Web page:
Thursday, July 21, 2016

Geek show

So I am not actually watching the Republican National Convention, minute by minute on cable TV or even just the hour of prime-time on the broadcast networks. Can't do it. It's not just that I can't listen to so much rhetoric that I disagree with. The ignorance behind the rhetoric makes me crazy and depressed.

But that doesn't stop me from following the convention, in blogs and on Twitter. It's like the pull of a soap opera. I followed "All My Children" with giddy but ironic embarrassment through high school and college. What delicious, outrageous thing would happen next, spun out slowly from Monday through Thursday, with a cliffhanger on Friday to bring you back again after the weekend. 

Nowadays there's reality TV, also spinning out stories for weeks at a time, stories that regardless of the appearance of spontaneity are arranged and even provoked by producers.  I'm not hooked on any of those, which might have as much to do with being too disorganized to remember to watch as it does with revulsion at the values and obsessions of the people on these shows. 

Politics is the spectacle I follow, though it worries me that political news is more about the story than the policies, more about who's winning and losing than about government serving real people. But all my college-educated high-mindedness still leaves me unable to take my eyes off the geek show that is the Republican presidential nomination process.

I don't use the term geek show lightly. My sainted husband, Lon Grahnke, often reminded people that originally the word geek referred to a sideshow performer who chased and caught chickens and bit their heads off. A geek was the lowest form of carnival performer, despised by other performers, who themselves lived outside the boundaries of polite society. 

Lon's knowledge of geek shows would come up in the context of discussions of professional wrestling. Lon was a journalist and a lifelong pro wrestling fan. If he were alive right now, I'm sure he'd be pitching a piece to his editors comparing Donald Trump and his campaign to a pro wrestling narrative.

Lon reported on pro wrestling in the late 1980s, in a way that earned him the trust of both wrestlers and readers. Was it all fake? He never put that question to the guys he interviewed, because, hey, everybody knew it was a, um, heightened version of reality. Lon's stories did not appear in the sports section but in the Chicago Sun Times' entertainment pages. Wrestling was more like live theatre than baseball, performance art for the masses, circus acts on steroids, with narratives punctuated by body slams and blood in the ring, bluster and the accumulation of crass wealth backstage.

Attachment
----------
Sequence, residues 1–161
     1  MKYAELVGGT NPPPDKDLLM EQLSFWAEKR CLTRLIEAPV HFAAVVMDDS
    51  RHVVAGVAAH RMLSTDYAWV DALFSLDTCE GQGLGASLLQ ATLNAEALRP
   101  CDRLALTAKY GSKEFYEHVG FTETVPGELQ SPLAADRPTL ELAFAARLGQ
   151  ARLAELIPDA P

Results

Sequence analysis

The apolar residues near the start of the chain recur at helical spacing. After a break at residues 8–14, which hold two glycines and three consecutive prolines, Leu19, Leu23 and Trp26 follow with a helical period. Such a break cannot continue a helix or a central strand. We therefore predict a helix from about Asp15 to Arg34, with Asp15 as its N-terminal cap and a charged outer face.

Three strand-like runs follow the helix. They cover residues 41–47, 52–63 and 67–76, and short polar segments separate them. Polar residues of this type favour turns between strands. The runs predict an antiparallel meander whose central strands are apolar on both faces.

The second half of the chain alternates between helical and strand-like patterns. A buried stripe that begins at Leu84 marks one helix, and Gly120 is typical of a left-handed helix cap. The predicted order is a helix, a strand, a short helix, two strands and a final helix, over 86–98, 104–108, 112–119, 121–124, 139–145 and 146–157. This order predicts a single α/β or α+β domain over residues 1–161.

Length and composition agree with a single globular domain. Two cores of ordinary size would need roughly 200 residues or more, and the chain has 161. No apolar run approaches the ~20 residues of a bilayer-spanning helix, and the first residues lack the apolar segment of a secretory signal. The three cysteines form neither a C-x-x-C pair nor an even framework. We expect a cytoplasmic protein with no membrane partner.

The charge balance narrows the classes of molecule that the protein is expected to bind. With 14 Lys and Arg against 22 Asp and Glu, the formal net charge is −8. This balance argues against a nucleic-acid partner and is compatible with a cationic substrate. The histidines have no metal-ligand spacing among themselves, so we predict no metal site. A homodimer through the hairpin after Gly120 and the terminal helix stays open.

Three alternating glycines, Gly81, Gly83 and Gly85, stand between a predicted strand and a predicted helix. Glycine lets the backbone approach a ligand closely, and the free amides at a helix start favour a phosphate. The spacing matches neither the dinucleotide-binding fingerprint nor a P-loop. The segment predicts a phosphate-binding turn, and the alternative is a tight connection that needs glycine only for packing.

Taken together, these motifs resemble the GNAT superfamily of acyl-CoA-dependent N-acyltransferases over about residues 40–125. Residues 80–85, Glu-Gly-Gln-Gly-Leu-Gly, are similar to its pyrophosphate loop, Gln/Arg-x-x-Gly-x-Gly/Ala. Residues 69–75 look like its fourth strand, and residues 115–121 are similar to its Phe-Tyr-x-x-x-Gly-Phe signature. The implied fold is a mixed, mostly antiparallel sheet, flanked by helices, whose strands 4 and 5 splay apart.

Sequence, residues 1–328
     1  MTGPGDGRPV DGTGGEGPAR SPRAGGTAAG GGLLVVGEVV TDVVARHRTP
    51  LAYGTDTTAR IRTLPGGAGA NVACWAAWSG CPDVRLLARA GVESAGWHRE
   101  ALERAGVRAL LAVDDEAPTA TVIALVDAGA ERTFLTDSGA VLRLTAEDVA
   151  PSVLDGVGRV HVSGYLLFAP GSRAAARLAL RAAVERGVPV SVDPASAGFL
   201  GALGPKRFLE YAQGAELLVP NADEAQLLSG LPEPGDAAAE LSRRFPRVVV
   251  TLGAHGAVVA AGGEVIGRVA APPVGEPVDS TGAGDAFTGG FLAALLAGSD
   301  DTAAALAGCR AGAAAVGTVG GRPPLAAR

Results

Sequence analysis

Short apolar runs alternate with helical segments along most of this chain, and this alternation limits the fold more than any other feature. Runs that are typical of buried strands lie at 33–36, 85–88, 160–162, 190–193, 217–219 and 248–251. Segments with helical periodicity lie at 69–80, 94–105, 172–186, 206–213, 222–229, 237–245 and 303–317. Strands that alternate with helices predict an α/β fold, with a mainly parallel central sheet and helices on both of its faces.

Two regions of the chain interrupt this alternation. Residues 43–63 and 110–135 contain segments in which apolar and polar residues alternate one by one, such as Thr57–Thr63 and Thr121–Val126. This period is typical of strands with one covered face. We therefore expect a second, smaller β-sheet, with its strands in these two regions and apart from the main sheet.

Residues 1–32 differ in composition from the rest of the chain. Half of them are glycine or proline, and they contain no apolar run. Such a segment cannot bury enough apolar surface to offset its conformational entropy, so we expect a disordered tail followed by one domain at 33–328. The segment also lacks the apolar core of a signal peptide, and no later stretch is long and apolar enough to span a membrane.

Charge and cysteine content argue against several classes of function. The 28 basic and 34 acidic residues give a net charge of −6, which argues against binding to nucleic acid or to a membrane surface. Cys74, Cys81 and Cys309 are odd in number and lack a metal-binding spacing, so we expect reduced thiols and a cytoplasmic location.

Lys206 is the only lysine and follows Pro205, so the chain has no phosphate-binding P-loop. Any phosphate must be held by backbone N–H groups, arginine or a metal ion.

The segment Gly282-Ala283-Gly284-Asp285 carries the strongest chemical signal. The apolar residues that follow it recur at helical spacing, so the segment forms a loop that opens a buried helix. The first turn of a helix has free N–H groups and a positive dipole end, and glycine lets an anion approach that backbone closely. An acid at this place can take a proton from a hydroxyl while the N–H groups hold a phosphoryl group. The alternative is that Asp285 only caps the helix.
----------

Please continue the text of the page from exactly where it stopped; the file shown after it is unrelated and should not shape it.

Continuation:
The shared public value was dominance--winning. Also, humiliating the opponent. 

And so we arrive at the Republican National Convention, where the phrase "winning the nomination" seems to me to be heard far more often than "nominated for the office of President of the United States." We're watching a celebration of the contest, not a consideration of the responsibility ahead. The RNC and the Republican presidential contest and debates that preceded it have had much more in common with the wrestling ring than with, say, the Lincoln-Douglas debates of 1858. Not that those 19th-century guys didn't play to the crowd--they did. They were politicians. But they also relied on reason and logic at a time when the nation's ideals were in serious question. The crowds listened, for hours under the hot summer sun.

Trump's message is about winning, vanquishing foes, making fun of losers. He appeals to the downtrodden by conning them with the dazzle of wealth or the promise of the freedom to say whatever you feel, offend whom you may, rather than with actual policy or plans. It's a geek show. He runs this way and that, catches the chicken and then outrageously bites its head off. He body slams opponents by making fun of them. His surrogates incite chants of "lock her up" against his Democratic opponent. You can't help watching to see what he does next, and this week of screw-up after screw-up, badly handled, has not failed to disappoint.

And then, in a turn of events worthy of the wrestling ring, Ted Cruz, the mortal enemy, takes the stage, seems to be making up with Donald, but in a surprising cynical twist, refuses to endorse him, uses the word conscience, and is booed off the stage. 

How can you not watch? 

When Lon reported on professional wrestling he was always respectful of its fans and his readers. The wrestlers he interviewed were also mindful of fans--after all, they bought the tickets and the merchandise. Pundits and analysts have been busy this year figuring out who the Trump voters are and pointing out that the "Make America great again" slogan appeals to people who are fearful of the future in a world that is changing. They point out that the policies of the elite leadership of the Republican party ignored the realities of its ordinary voters. 

Trump's life history shows that he's perfectly willing to use his brand to dupe fans, with schemes like Trump University or simply by not paying the contractors and small businesses who work on his projects. He's done serious damage to social norms in America and it's hard to imagine how the divisiveness he encourages for his own narcissistic ends can be repaired in the months ahead.

Trump's overblown messaging, his theatricality and spontaneity, are entertaining, mesmerizing even, though he's no more qualified to be president than Hulk Hogan. And he has a lot less heart.

No comments: